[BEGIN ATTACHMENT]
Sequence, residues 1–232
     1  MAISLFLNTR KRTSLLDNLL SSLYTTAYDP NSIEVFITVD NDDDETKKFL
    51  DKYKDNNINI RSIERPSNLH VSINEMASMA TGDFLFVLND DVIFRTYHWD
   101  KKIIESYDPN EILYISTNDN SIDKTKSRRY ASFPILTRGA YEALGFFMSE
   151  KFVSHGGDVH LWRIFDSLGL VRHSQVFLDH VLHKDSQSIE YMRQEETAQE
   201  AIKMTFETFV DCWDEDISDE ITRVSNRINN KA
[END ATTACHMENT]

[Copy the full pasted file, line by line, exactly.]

Sequence, residues 1–232
     1  MAISLFLNTR KRTSLLDNLL SSLYTTAYDP NSIEVFITVD NDDDETKKFL
    51  DKYKDNNINI RSIERPSNLH VSINEMASMA TGDFLFVLND DVIFRTYHWD
   101  KKIIESYDPN EILYISTNDN SIDKTKSRRY ASFPILTRGA YEALGFFMSE
   151  KFVSHGGDVH LWRIFDSLGL VRHSQVFLDH VLHKDSQSIE YMRQEETAQE
   201  AIKMTFETFV DCWDEDISDE ITRVSNRINN KA